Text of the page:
Royal Theater

116 S. Sycamore Street,
Archer City, TX 76351

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Royal Theater

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This great place is familar to anyone who has seen “The Last Picture Show” or its sequel, “Texasville”. It is located on the town square in Archer City.

When I visited in spring of 1992, the Royal and indeed the entire town looked just as it did when the movie was filmed in 1971, and probably as it did in 1952 when the movie was set. The theater burned in 1965 but the production dressed up the front to make it look like an operating theater. The lobby and auditorium were burned out and were too small for filming anyway, so the interiors were shot in a theater in Olney, Texas, a few miles to the south of Archer City.

Amazingly enough, in 1992 the ruin of the theater was accessible for exploration to anyone who wanted to brave the rattlesnakes or the burned out stairs to the balcony.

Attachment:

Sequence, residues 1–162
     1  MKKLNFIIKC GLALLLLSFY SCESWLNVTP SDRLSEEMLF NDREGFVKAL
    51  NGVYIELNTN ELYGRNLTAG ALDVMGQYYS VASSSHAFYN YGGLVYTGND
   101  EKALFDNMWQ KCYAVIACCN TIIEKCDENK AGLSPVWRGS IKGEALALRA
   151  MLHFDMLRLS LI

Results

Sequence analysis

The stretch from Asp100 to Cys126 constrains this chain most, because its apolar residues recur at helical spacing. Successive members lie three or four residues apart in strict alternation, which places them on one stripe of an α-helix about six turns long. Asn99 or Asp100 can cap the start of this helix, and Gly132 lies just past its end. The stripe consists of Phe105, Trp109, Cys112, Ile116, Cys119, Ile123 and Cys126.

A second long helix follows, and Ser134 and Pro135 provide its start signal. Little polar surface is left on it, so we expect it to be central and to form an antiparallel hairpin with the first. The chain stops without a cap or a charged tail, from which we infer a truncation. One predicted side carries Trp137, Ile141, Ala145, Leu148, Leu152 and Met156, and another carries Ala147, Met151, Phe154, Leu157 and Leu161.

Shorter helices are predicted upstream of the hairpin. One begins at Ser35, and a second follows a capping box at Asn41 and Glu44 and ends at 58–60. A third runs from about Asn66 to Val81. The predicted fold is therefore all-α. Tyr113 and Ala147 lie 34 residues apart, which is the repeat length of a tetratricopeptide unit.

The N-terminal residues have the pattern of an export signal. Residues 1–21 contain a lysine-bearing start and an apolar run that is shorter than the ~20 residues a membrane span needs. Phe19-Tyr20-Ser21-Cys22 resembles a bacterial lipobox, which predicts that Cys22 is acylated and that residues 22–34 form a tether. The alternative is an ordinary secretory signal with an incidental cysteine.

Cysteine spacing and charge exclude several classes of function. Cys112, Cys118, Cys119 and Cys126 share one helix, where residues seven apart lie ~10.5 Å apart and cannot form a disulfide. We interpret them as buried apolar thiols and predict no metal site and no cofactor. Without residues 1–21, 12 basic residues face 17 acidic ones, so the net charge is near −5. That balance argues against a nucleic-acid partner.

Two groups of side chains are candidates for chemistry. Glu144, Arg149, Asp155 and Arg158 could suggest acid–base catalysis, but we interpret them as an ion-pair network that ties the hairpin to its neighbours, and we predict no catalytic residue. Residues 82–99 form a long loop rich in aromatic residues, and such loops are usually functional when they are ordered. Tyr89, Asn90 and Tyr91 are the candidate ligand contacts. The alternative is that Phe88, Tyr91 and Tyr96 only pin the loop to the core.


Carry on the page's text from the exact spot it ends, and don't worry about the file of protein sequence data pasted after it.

The detailed website for the theater gives an account of how the it was restored starting in 1996 and its re-opening in August of 2000. I have read that the burned out theater was leveled and is now a vacant lot next to the restored theater which is really in the space of the ajoining storefront. I don’t know about this. When I visited in 1992 there was already a vacant lot next to the ruin and the picture on the website looks like the same spot to me.

At any rate, it occupies the north end of the strip of stores that lines the west side of the square. If you are ever in north central Texas, this place is a must for fans of “The Last Picture Show” or old theaters in general.

Contributed by StanMalone

Recent comments (view all 29 comments)

DavidZornig
DavidZornig on February 13, 2009 at 3:57 pm

Wow. One has to wonder why such an exlaborate handicap access ramp, would have been built right next to what appears as the unsafe remains of the Royal Theater’s wall.

Lost Memory
Lost Memory on February 13, 2009 at 4:58 pm

The wall looks about the same in this older photo taken before the handicap ramp was installed. Maybe the wall is in no danger of collapsing. If it was, it should have been fixed when the ramp was installed.

DavidZornig
DavidZornig on February 13, 2009 at 5:12 pm